2015 saw a partnership develop between CDANZ and the Careers Expo's held in Auckland, Wellington, Hamilton and Christchurch. The intention was to seek to develop a partnership model that would support the Careers Expo objectives and the new World of Work exhibit in guiding young people in their career pathways by engaging in good quality career conversations. Together with providing tools and resources that would assist our youth to become more 'work ready'. An indépendant research project was conducted in Auckland to gauge the impact of these events and seek to provide a resource to help us in further developing tyne model. The launch of the World of Work exhibit has attracted widespread interest from various organisations, and potentially provides a further partnership opportunity for CDANZ members to partner with us in reaching the community. We would like to share the results of this survey, review the engagement we had in 2015 and look at opportunities for further development in 2016. 

Mark Gillard

Mark Gillard is the Director of Calibre Associates Limited - A marketing, advertising and event management company. Formed in 1989, Calibre provides a full agency service by way of partnership arrangements with other marketing/advertising based specialists. The Careers Expo is a subsidiary of Calibre Associates and has been managed by Mark and his team for the past 25 years. 2016 is the 25th anniversary of the careers expo in NZ.

A thriving career development education - Why Counselling is Key

In today’s work environment people have numerous career choices and can expect to have multiple careers throughout their lives. However, finding employment is difficult and tenure uncertain. People’s personal lives are becoming more complex and are affected by rapid change, increased financial, social and emotional pressures, demanding workloads and limited resources.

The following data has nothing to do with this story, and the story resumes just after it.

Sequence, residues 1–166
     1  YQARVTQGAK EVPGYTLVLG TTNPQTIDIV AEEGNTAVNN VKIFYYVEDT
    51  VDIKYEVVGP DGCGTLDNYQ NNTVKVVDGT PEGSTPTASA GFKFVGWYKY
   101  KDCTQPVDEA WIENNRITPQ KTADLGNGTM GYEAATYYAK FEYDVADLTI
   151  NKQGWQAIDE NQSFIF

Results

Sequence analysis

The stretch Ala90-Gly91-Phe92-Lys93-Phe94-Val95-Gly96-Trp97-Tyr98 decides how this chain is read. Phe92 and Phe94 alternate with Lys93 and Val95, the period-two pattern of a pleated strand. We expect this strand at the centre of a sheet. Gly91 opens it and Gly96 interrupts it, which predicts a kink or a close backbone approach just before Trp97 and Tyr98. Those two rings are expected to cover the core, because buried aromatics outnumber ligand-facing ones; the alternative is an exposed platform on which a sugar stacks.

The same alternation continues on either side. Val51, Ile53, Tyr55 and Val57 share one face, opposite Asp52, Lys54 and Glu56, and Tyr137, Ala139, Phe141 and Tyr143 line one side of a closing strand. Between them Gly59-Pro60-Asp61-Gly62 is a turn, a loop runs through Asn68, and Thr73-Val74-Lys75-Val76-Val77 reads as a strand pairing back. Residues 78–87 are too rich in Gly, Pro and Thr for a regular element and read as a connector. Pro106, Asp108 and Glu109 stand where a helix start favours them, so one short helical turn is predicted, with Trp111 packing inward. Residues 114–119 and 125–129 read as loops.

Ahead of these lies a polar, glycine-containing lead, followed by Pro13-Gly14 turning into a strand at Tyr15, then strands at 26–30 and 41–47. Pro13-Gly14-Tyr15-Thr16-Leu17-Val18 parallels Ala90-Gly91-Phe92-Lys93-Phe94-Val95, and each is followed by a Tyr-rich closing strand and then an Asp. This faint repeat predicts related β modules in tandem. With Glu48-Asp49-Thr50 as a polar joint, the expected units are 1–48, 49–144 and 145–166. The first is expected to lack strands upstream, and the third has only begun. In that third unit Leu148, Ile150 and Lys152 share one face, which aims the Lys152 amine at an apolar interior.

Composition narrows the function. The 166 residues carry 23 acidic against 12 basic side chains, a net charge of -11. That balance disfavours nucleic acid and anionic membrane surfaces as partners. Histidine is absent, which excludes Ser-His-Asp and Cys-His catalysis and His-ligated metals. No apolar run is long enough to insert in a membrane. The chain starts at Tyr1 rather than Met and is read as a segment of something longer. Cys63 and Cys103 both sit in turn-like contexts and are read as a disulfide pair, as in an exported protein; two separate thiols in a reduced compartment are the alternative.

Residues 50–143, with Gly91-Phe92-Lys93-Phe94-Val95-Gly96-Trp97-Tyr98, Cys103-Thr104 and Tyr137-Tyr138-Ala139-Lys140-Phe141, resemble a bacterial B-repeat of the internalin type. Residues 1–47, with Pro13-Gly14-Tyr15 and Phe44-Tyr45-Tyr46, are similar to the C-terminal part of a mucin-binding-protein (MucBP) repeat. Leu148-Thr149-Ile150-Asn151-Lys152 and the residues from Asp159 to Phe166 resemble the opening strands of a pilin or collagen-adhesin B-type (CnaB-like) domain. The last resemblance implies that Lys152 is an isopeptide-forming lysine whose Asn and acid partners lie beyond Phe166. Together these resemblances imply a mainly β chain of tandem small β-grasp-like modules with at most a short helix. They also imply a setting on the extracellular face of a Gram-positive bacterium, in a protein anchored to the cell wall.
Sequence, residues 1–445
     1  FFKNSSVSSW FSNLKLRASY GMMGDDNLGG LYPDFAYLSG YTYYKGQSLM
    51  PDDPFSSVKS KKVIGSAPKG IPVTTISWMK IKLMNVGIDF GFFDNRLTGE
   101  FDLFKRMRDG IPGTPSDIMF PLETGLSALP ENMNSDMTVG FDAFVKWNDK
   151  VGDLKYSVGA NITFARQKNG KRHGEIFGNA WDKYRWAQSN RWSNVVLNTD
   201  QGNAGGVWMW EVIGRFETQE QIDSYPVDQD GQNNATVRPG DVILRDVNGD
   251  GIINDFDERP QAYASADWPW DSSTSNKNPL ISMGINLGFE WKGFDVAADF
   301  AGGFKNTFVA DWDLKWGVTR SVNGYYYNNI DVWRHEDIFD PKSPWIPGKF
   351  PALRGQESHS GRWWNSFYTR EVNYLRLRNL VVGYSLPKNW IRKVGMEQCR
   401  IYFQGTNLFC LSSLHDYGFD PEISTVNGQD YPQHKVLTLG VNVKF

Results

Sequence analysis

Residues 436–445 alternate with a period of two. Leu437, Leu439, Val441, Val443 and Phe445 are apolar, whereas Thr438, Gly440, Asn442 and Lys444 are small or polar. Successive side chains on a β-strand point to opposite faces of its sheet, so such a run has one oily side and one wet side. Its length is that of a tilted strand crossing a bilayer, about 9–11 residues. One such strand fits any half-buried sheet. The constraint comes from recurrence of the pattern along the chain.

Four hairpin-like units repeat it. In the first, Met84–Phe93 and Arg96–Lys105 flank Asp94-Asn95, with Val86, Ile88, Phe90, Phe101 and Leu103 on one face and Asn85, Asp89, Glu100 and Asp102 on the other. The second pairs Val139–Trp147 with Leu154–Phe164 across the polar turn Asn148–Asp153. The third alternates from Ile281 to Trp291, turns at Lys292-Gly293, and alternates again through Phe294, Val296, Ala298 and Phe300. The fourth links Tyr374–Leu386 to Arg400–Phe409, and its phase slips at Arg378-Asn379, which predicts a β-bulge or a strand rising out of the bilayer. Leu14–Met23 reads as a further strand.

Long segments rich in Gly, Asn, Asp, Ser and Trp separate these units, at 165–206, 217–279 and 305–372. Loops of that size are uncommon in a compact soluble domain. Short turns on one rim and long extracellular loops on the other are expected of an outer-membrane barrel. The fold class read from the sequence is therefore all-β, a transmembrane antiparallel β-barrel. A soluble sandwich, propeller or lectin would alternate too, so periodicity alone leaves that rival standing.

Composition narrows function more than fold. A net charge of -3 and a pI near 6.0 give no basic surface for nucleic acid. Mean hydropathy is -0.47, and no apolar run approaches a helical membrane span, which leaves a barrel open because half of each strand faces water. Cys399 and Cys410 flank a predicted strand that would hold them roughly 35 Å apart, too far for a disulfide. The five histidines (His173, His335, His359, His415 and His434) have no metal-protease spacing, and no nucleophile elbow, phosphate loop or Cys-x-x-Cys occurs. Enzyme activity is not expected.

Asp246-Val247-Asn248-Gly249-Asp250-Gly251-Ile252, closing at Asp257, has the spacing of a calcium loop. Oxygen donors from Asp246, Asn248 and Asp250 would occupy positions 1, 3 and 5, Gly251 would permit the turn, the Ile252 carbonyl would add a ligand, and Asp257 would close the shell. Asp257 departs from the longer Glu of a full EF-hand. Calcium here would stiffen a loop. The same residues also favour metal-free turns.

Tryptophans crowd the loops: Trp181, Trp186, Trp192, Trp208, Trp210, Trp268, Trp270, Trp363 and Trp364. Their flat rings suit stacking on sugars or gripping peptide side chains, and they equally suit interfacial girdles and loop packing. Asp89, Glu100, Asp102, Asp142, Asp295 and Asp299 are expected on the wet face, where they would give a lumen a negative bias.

In these stressful times more adaptability, resilience and a wide range of coping skills are needed to be successful in the world of careers and employment. It therefore becomes increasingly concerning in New Zealand, that the counselling component in career development education has been reduced to a very limited part of the programme.

This workshop proposes that career development programmes would not only benefit but thrive from more counsellor education content, in order to enable graduates to assist people to navigate their diverse pathways through the complexity of their lives and the career choices available to them.

This workshop will include a brief powerpoint presentation, an example of a useful counselling tool and interactive discussion. 

Raewyn Elder

Raewyn Elder is Coordinator and Senior Academic staff member of counselling and supervision programmes at NMIT in Nelson. Currently enrolled as a doctoral candidate with the University of Auckland her previous qualifications include M.Ed (Hons) (Couns) B.A (Hons) Dip Teaching

Raewyn is on the Advisory Committee for the Diploma of Career Guidance offered by Suti/NMIT and in 2015 was a panel member for the development of a national qualification in career development. Professional memberships include CDANZ and NZAC

Prior to joining NMIT, Raewyn’s background included private practice in workplace counselling, coaching and supervision and working in executive recruitment in Australia and New Zealand. 

Project Kāmehameha: Digital Career Resources for Maori